I just baked you a loaf of delicious banana bread.
You think: “It smells incredible and probably tastes even better!” I offer you a slice, and you gladly accept.
The first slice tastes like heaven – you attempt to savor the sweetness while simultaneously devouring the slice faster than Usain Bolt runs the 200m dash. I’m both delighted that you like my baking and concerned that you can consume food that quickly.
I then offer you a second slice, which you are still very happy to accept. You eat the second slice (a bit more slowly), and you’re still quite pleased.
Then I offer you a third slice.
You're not super psyched about eating a third slice, and you're already pretty full from the first two. But since you don't want to seem rude, you take the third slice and slowly eat it.
By the time you're done, you're not very happy with your choice. You're getting uncomfortably full, and the taste of bananas and nuts is growing old. If I offered you a fourth or even fifth slice, you would probably reject my advances (and likely leave my kitchen).
For every additional slice of banana bread you eat, you're going to gain less additional happiness. Seven slices of banana bread won't give you much more happiness than two slices of banana bread.
This intuitive economic concept is called the law of diminishing marginal utility. And in a bit, I'll tell you about how the law of diminishing marginal utility is actually extremely relevant to your life.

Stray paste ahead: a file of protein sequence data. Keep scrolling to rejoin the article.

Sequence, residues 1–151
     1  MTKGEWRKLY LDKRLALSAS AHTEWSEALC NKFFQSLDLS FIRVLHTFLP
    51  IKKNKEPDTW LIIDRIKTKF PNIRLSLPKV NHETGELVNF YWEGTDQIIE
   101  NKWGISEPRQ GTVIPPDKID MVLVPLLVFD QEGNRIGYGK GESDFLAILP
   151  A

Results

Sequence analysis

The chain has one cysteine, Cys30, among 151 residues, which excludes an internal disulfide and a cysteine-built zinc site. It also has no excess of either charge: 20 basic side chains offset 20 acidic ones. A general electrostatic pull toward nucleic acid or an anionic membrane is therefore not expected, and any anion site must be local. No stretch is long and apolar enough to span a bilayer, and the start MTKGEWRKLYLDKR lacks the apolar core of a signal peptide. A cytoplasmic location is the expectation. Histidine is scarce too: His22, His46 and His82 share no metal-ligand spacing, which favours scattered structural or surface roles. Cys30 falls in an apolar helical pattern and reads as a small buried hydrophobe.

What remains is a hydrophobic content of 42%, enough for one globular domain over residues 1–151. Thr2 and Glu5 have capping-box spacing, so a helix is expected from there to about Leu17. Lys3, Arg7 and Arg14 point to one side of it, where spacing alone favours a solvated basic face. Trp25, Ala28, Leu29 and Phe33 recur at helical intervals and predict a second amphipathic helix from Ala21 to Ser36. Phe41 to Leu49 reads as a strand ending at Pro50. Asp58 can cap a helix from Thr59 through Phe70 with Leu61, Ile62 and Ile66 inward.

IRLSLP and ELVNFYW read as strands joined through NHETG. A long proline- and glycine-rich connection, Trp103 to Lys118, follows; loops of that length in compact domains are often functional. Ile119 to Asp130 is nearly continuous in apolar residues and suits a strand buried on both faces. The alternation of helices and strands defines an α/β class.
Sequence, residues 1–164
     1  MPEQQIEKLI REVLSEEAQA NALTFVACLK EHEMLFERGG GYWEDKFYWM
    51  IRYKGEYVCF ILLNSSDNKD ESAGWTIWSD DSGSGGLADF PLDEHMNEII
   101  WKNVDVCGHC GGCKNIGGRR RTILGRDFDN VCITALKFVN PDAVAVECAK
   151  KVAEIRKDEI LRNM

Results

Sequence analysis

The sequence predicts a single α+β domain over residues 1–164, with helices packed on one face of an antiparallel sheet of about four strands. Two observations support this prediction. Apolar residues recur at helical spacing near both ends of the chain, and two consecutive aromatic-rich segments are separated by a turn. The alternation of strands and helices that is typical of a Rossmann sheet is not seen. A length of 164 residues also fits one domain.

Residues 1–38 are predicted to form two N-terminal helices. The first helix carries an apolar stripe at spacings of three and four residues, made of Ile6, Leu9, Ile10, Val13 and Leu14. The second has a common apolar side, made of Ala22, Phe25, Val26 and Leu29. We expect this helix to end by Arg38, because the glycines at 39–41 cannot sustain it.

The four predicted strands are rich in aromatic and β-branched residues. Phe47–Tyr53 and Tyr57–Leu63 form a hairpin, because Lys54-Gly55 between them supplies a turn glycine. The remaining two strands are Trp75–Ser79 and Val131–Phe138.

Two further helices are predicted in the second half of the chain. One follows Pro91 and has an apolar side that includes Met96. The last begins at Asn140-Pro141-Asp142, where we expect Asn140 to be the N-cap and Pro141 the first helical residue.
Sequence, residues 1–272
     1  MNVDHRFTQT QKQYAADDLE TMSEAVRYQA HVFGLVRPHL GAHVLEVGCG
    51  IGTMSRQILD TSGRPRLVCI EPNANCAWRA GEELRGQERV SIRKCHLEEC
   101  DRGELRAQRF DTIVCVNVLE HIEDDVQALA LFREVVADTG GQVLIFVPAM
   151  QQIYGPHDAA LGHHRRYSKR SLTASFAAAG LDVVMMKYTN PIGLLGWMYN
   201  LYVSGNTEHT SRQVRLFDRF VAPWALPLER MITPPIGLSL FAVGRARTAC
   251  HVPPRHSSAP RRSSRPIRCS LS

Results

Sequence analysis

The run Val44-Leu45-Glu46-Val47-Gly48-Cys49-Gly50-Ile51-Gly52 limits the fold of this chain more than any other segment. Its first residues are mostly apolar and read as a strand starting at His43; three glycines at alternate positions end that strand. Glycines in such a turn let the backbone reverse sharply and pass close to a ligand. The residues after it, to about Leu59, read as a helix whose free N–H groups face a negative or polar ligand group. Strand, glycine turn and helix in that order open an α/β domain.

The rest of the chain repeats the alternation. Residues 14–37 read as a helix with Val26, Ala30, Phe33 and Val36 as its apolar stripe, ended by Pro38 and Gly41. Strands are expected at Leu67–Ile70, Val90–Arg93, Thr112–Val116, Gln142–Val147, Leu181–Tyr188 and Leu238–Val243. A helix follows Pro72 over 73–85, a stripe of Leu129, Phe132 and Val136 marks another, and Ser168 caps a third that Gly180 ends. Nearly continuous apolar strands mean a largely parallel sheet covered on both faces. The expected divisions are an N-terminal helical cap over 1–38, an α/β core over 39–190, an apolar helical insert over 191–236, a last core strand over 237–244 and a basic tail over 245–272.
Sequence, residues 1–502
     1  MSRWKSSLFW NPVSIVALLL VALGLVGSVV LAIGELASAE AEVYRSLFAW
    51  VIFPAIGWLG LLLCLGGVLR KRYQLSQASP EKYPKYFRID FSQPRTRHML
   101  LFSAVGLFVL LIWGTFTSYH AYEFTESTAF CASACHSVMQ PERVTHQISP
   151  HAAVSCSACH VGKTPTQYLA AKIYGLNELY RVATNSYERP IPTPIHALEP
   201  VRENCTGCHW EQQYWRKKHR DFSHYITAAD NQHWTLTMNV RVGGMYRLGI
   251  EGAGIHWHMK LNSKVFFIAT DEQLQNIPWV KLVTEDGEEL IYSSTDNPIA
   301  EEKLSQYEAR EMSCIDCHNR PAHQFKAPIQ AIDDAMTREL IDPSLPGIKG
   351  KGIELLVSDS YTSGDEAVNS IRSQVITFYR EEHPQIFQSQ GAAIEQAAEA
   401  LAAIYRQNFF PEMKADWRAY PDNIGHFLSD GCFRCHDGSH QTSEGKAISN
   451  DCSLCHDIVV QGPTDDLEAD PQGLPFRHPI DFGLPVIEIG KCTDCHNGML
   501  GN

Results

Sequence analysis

So what exactly is the law of diminishing marginal utility? Here's a definition:
The law of diminishing marginal utility means that the more of an item that you use or consume, the less satisfaction you get from each additional unit consumed or used. – Investopedia
(Also, saying "the law of diminishing marginal utility" gets old fast, so I'm going to shorten it to a more readable "LoDMU".)
I'm learning about LoDMU in my Microeconomics class right now, and it's one of the coolest real-life lessons I've learned from a school class. Here are a few intriguing applications of LoDMU...
- Work hours & total work completed – Working for longer hours (beyond a certain point) barely increases the amount of actual work you complete. Elon Musk is one notable exception to this rule, but you aren't Elon Musk.
- Business efficiency & size of teams – As you continue to add employees to a team, the total work output of the team continues to decrease. This is because once you have 100 employees, they make 20 gazillion Slack channels and spend a ton of their time organizing workflows instead of getting anything done.
- David Perell's 3-bite dessert rule – "Most of the pleasure in a dessert comes in the first three bites. After that, you should stop eating it. As a reward, you can eat dessert more often because you don’t binge it."
I hope this article taught you a little something. If you enjoyed, please subscribe.
And maybe – just maybe – instead of eating 3 slices of banana bread, you should only eat 3 bites.